Dinosaur National Monument Trails
One of Colorado's largest wild areas is also one of its least known. Dinosaur National Monument first gained fame for its fossils, but the canyons of the Green and Yampa rivers encompass wilderness of remarkable character. Cutting through brilliant sandstone and quartzite formations, these two rivers flow through Colorado’s longest undeveloped canyons, creating river journeys of unsurpassed serenity and excitement. Dinosaur fossils were first discovered here by a paleontologist from the Carnegie Museum in 1909, leading to the designation of the quarry site as an 80-acre national monument in 1915. Congress later realized the significance of the two unspoiled rivers and greatly expanded the monument in 1938 to include both canyons. After passage of the 1964 Wilderness Act, the National Park Service studied Dinosaur for its wilderness potential and, in 1974, recommended more than 200,000 acres for official designation. Since that time, Congress has occasionally considered (but never acted on) the proposed recommendation. When combined with adjacent BLM wilderness study areas, Dinosaur ranks a close third as Colorado’s largest block of wildland. Dinosaur National Monument includes 44 miles of the Green River and 48 miles of the Yampa. Surprisingly, the two rivers possess distinctively different characteristics. The Yampa cuts into thick sandstone formations, most notably the bright tan Weber Sandstone. Water streaming over sheer cliffs where great slabs have calved off the canyon walls leaves manganese mineral deposits that stain the light sandstone with vertical black stripes. This so-called “tiger striping” greatly enhances the already substantial beauty of the canyon. The Yampa is a fast river, dropping quickly from its canyon entrance at Deerlodge Park as it skims past ponderosa and pinyon-juniper forests. Cottonwoods and box elders shade the banks at times, offering welcome shelter from sweltering summer heat. Douglas fir thrive in cool pockets, generally on north-facing slopes, and provide a surprising contrast to this arid environment. This trail guide includes descriptions of Lodore Nature Trail, Harpers Corner Nature Trail, Ruple Point, Jones Hole, Johnson Canyon/Bull Canyon, Jones Hole Creek to Island Park, Canyon of Lodore, and Yampa River.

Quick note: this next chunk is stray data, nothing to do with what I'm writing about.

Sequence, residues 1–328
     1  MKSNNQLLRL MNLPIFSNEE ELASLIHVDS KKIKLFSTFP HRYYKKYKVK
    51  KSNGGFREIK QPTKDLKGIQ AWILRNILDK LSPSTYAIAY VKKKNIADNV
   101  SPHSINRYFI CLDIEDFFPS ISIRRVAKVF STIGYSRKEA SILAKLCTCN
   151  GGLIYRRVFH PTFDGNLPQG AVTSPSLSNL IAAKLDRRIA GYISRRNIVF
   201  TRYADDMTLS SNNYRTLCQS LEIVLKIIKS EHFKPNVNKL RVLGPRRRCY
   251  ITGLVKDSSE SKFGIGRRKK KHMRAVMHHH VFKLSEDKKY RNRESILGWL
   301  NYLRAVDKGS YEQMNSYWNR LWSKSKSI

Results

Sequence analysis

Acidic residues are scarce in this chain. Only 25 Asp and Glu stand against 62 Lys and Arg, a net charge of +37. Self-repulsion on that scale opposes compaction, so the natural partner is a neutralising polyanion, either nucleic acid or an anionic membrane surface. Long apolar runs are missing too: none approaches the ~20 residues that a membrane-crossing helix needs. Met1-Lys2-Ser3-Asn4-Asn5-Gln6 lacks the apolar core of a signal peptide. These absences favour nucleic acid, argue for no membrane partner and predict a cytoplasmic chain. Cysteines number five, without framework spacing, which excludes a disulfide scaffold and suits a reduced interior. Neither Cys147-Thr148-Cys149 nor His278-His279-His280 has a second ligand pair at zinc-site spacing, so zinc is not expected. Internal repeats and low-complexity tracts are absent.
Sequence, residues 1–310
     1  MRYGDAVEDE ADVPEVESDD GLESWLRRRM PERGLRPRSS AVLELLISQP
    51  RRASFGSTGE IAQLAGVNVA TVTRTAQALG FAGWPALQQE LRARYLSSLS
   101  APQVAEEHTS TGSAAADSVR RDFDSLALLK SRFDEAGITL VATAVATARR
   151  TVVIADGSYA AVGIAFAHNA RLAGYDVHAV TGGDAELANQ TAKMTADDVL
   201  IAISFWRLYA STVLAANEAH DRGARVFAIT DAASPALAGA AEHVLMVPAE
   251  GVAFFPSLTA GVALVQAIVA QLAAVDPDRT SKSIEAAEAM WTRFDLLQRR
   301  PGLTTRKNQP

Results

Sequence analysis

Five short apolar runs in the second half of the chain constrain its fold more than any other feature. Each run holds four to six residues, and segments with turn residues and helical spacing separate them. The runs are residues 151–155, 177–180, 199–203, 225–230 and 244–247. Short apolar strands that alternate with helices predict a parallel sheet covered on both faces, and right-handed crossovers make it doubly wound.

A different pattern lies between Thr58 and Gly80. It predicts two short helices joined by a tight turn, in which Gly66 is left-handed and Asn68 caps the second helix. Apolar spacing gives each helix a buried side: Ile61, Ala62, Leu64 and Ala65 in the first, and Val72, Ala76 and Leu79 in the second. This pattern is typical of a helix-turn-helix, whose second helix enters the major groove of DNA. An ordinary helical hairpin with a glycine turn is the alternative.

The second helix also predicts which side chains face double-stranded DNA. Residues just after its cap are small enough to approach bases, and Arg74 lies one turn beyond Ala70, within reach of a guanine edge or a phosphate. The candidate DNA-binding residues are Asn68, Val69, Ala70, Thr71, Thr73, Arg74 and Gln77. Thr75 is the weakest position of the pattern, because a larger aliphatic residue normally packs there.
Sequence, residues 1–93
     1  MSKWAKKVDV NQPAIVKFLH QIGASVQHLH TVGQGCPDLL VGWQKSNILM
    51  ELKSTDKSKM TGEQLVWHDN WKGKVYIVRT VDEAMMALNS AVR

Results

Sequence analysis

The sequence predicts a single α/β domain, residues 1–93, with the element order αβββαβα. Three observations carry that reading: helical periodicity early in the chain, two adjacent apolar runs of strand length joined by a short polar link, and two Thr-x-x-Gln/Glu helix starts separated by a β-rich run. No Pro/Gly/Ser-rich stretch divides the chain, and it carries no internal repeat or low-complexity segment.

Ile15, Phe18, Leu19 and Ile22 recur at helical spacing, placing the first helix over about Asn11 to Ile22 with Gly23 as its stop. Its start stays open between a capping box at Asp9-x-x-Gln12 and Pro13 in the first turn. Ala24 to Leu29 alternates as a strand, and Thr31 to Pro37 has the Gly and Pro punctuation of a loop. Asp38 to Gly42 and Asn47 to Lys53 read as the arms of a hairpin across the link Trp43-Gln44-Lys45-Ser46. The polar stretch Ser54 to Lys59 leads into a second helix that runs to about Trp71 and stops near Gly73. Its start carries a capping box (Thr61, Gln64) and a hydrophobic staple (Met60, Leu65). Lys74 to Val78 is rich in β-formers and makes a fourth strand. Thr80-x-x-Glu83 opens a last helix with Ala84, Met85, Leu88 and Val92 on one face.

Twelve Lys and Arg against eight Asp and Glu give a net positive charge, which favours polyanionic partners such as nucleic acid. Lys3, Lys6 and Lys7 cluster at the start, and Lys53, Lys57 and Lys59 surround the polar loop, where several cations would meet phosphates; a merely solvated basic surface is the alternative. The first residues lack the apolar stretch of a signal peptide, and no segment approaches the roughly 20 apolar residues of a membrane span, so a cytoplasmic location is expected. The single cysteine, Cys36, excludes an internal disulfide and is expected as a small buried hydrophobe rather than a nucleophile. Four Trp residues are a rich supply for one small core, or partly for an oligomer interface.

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Directions to: Dinosaur National Monument Trailsprint directions
Trail Statistics & Information
|Skill Level||Easy to Moderate|
|Season||Best Spring through Fall|
|Trailhead Elevation||4,700 ft|
|Top Elevation||9,000 ft|
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